Companies that issue stock splits (intentionally increasing the number of shares outstanding) typically see a bump in stock price, which analysts argue is because the stock price is more affordable to investors. Chipotle recently agreed to its first-ever stock split, which will drop the stock price from nearly $3,000 per share to just $60 per share. The business gained $4 billion (5%) in value on the news.

Companies that issue reverse stock splits (intentionally decreasing the number of shares outstanding) typically see a continuing decline in stock price. That's likely because companies issue reverse stock splits when things aren't going so well.

A Difficult Road Ahead

Ginkgo Bioworks doesn't harbor all the characteristics of a typical company forced to conduct a reverse stock split. It has meaningful traction for its services, a multi-year cash runway, and can likely raise money more easily than others. But even at its lowly stock price the business remains richly valued at a $2.17 billion market cap.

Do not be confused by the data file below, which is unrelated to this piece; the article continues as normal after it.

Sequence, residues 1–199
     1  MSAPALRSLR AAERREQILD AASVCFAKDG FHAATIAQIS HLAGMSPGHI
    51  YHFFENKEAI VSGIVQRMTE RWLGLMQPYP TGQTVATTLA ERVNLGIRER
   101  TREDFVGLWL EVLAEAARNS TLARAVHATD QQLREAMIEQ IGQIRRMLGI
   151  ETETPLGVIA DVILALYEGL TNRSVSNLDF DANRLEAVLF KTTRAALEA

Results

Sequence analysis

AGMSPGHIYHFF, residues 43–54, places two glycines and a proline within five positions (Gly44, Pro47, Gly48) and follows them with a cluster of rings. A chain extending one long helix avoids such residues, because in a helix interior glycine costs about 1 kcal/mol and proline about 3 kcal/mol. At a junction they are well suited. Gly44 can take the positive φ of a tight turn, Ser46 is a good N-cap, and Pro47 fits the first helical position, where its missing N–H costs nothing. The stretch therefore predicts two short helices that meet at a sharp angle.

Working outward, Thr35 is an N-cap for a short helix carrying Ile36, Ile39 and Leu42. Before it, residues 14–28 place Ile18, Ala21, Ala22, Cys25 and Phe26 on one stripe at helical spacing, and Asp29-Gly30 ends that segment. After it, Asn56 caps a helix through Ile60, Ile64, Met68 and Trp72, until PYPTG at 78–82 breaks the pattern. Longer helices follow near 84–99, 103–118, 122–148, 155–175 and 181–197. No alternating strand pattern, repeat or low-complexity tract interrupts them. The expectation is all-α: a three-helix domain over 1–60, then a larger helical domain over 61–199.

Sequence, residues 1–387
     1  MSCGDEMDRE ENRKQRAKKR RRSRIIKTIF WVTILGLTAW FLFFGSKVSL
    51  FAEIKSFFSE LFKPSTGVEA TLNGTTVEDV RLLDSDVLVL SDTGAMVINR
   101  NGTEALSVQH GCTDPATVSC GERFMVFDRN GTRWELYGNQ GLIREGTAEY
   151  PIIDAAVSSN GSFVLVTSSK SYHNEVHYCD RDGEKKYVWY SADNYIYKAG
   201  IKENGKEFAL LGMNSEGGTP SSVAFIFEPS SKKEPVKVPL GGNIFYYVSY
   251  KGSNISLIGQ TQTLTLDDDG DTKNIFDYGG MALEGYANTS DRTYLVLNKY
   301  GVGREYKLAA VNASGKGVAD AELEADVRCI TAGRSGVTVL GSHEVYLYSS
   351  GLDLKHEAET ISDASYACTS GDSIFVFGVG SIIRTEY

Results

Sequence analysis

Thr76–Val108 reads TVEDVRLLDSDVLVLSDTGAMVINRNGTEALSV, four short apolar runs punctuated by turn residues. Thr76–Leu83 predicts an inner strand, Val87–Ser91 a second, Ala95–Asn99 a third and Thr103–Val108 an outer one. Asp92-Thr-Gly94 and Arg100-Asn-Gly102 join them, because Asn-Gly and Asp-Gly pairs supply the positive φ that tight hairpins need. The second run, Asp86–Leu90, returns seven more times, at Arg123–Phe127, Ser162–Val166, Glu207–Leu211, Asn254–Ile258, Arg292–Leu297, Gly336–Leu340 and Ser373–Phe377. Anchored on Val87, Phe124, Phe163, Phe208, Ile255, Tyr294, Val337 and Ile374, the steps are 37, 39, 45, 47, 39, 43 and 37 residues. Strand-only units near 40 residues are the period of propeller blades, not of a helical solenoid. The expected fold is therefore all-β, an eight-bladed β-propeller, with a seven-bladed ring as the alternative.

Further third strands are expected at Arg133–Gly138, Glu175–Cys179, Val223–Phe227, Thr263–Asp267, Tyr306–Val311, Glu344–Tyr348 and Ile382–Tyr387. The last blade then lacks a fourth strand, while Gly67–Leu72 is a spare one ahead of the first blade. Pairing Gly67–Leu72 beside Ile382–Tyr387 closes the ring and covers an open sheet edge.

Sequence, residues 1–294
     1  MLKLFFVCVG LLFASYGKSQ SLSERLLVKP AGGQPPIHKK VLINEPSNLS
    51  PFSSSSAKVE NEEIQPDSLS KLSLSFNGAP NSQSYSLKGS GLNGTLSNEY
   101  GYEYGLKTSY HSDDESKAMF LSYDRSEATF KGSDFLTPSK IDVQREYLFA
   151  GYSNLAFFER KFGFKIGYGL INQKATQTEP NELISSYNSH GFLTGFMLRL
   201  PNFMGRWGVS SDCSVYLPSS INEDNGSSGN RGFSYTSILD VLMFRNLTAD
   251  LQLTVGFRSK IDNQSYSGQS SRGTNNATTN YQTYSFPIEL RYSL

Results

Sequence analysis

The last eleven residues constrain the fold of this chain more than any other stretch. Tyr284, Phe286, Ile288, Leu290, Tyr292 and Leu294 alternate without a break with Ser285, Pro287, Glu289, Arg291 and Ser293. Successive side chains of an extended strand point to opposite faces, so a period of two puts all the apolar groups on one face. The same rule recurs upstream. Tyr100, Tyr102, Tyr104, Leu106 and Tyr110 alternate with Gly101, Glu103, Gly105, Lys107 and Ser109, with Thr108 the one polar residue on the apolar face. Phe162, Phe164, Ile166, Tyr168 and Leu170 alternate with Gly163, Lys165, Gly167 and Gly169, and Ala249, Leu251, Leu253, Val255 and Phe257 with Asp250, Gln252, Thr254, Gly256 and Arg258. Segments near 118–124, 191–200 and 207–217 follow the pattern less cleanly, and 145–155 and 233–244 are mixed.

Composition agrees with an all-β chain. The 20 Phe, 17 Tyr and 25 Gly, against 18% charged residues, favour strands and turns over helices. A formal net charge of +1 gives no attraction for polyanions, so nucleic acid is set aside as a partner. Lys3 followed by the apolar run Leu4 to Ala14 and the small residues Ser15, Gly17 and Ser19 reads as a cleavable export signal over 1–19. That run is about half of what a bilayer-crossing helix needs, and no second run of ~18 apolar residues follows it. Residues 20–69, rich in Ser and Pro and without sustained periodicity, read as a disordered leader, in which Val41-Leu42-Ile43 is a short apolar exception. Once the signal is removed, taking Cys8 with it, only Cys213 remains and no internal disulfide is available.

One thing investors misunderstand about the CRO business model of Ginkgo Bioworks is the time frame for delivering results. For example, in 2023 the company announced a drug discovery contract with Pfizer worth up to $331 million. The headline figure is great, but at least half of the deal value is based on reaching sales milestones.